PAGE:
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Jesus tells His followers they “are not of the world,”[1] meaning they have a solemn obligation to be a light to an immoral culture. This New Testament scripture is the root of the common saying that Christians should be “in the world, but not of the world.”

While it’s true we live in a world of moral ambivalence and shifting values, how often do we think about who “the world” really is? Because “the world” is a general, faceless term, we can forget it also represents specific people with real faces, tender hearts and sincere desires.

In a talk June 14, 2016, at Brigham Young University-Idaho, Elder Von G. Keetch of the Seventy taught students how to most effectively engage people whose views differ from theirs. He said mutual understanding is much more likely to come (though certainly not guaranteed) when we speak one-on-one and, if possible, face to face.

“If we allow ourselves to be limited to 140 characters, we will often be misunderstood,” Elder Keetch said. “Usually, much more can be accomplished one-on-one, face-to-face, as individuals come to understand each other.”

Writing on a similar topic in the summer 2016 edition of Christianity Today, executive editor Andy Crouch says Christians “are called to real people in a real place. With those real people, we reflect on the concrete possibilities and limitations of the time and place we share. … Our mission is not primarily to ‘engage the culture’ but to ‘love our neighbor.’ Our neighbor is not an abstract collective noun, but a real person in a real place. By God’s grace, the cultural creativity required to fully love that neighbor may end up having lasting influence.”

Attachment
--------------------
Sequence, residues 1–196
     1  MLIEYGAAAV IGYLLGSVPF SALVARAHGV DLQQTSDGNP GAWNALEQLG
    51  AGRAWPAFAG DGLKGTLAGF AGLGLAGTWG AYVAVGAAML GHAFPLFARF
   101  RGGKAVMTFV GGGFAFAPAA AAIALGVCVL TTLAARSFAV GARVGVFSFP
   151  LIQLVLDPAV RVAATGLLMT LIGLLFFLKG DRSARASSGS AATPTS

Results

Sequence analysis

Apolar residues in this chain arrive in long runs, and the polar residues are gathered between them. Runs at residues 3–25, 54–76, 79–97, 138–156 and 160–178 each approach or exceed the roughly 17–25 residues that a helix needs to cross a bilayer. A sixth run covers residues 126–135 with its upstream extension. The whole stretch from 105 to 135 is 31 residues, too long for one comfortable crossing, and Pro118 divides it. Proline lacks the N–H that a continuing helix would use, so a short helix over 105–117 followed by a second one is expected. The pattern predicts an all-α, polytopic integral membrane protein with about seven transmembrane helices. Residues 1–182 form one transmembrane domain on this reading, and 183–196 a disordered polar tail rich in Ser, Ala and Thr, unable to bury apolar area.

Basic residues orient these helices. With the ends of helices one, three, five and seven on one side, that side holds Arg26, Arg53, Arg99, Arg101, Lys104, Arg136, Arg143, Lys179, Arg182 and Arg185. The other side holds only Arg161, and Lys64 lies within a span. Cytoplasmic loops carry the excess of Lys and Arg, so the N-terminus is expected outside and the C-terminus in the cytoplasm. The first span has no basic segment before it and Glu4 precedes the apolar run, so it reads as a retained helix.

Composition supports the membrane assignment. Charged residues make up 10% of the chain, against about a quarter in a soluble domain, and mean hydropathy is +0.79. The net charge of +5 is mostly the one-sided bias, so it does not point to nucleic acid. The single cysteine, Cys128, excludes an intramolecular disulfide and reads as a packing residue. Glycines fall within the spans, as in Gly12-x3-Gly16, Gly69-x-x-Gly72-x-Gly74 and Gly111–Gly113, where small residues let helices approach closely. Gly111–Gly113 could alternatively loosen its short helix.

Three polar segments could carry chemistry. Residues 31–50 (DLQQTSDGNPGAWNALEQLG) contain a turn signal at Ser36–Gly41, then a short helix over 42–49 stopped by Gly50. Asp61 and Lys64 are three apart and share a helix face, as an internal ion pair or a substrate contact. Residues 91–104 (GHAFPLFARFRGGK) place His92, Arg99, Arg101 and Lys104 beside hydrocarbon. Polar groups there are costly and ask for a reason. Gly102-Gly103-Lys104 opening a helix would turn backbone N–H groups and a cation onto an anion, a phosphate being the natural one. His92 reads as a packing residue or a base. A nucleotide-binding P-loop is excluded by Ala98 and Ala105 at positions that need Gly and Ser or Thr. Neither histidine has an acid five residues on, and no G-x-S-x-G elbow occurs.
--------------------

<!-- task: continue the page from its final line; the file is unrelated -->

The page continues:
Indeed, it was often in one-on-one settings that Jesus spoke with enemies and social outcasts. He listened to their questions and asked some of his own. His words and actions brought healing to those with faith.

For Christians, the man who says He is “the way, the truth and the life”[2] is the ultimate model for achieving mutual understanding in our modern world.

Visit the Mormon Newsroom commentaries below, all published in 2016, for more information on the topics of diversity and dialogue:

The Virtuous Cycle of Dialogue

Civil Society Series, Part 1: The Art of Human Connection

Civil Society Series, Part 2: Engaging the Differences among Us

Civil Society Series, Part 3: Faith in the Public Square